I scheduled my vacation to Hawaii a long time ago. Unknowingly, I put myself in the middle of the security preparations for the APEC Leaders Summit. Apparently this is a big freaking deal. Amongst other important foreign dignitaries, the President will be staying in a (much nicer) hotel 1/2 mile up the beach from mine. The entire island is readying itself . . .
It’s been amazing to watch many work crews moving cement barriers, placing fences and screens where they were not present before. All this movement directed by fit, clearly non-local guys casually dressed in concealment garments with radios. Blackhawks and F22s fly overhead routinely.
Out to sea, I see a Navy destroyer and Coast Guard cutter—lest anyone assault the beachfront from the ocean. I am sure there will be SEALs and other sea/ground forces present.
It’s been very interesting to be close to the so-called presidential bubble. I leave the day before anyone arrives for APEC. I’m glad about that.
No matter who you are, you’re going to be pretty inconvenienced by the security presence—unless of course you are the President. The President’s day will go along exactly as planned with no concern or probably even a thought for the literally thousands of other folks inconvenienced for his safety.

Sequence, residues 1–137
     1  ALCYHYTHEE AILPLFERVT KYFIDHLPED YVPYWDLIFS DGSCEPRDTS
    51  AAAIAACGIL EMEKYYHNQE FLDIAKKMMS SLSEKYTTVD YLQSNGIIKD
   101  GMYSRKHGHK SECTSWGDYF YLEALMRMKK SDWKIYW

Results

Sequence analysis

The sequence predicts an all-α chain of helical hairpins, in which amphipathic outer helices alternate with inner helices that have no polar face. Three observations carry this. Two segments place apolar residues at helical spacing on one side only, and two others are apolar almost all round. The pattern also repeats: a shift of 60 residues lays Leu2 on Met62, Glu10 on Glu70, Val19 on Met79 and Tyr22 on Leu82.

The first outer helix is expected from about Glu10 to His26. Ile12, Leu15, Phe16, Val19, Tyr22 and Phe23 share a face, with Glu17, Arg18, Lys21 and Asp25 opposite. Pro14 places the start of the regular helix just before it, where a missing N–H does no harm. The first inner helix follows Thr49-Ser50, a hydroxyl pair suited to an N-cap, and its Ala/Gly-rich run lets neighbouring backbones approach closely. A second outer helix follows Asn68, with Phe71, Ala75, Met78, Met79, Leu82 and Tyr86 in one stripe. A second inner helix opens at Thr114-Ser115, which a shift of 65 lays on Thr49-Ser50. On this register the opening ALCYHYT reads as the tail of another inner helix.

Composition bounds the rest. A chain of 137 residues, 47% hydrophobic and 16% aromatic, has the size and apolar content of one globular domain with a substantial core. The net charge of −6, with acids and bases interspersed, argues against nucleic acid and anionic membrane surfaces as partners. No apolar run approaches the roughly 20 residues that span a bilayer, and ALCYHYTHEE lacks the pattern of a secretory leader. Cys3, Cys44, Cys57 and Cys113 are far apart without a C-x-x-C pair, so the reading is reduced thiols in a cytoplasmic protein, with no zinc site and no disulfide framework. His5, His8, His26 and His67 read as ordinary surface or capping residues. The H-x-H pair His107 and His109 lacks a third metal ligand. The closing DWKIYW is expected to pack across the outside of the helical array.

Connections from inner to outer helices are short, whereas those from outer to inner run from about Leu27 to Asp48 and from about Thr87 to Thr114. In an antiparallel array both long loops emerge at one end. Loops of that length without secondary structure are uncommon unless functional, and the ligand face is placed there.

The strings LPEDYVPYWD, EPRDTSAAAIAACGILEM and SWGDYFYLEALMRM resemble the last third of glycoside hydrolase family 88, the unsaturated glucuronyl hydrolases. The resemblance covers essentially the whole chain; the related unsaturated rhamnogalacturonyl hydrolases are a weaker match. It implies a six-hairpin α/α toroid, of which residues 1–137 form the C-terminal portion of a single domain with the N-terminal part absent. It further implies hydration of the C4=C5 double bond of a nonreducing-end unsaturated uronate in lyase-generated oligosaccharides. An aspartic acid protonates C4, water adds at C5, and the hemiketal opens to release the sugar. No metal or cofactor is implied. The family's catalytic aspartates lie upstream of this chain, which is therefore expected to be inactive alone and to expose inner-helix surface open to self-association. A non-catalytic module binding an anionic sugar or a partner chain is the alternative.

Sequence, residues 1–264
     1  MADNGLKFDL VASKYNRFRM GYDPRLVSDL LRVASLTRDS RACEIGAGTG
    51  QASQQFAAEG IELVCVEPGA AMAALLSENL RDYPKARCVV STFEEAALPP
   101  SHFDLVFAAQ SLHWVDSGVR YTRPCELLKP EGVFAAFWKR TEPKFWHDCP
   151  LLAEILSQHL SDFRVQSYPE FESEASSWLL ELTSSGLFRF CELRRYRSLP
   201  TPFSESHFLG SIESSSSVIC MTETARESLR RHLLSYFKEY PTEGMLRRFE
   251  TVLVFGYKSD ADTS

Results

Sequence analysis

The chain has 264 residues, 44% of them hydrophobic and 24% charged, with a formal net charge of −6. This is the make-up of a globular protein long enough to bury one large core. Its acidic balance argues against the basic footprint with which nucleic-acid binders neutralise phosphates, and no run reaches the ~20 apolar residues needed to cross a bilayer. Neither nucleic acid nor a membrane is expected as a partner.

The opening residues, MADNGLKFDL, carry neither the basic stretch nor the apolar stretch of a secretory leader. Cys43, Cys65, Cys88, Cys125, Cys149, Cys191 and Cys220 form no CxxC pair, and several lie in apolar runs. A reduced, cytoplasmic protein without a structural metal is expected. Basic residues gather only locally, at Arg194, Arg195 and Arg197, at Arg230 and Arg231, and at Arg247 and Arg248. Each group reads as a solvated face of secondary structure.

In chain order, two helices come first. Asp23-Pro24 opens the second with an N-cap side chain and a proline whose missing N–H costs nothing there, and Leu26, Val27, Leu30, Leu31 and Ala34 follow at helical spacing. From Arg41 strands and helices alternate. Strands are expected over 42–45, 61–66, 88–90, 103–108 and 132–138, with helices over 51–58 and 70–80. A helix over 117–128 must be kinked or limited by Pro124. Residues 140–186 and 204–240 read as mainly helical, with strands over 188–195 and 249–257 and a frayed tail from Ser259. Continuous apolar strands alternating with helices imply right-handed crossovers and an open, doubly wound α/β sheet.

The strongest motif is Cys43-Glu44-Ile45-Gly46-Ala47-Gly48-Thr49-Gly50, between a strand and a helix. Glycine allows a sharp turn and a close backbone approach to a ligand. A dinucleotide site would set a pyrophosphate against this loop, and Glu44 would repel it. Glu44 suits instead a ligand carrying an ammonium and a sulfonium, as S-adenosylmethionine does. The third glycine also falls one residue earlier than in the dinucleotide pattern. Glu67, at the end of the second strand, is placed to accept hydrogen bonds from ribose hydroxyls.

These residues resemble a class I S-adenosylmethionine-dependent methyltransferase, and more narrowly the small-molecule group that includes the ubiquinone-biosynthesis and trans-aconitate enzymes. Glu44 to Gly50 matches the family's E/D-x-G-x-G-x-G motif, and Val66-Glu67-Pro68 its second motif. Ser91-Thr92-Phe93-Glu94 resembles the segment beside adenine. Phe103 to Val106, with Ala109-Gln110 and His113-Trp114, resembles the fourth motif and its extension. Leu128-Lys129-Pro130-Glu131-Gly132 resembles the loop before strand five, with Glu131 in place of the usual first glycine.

I explained this to my ten-year-old son. He remarked: “Why all this for just one person?He’s no more different than anyone else.” I thought about that and remembered Animal Farm. “Son, everyone is equal. Some are more equal than others.”
I honestly don’t begrudge the President his security bubble (at least until it inconveniences me personally). He is absolutely a prime target for violence. His office represents a nation hated by more than a few.
I do think, however, that being inside of this bubble could make one totally out of touch with the security concerns of the average individual. One could fail to understand why an average American would “cling” to his or her gun for the safety and security of themselves and their loved one.
We are humans, equal in the value of our lives—no matter what position we hold. We all have the same right to self-defense.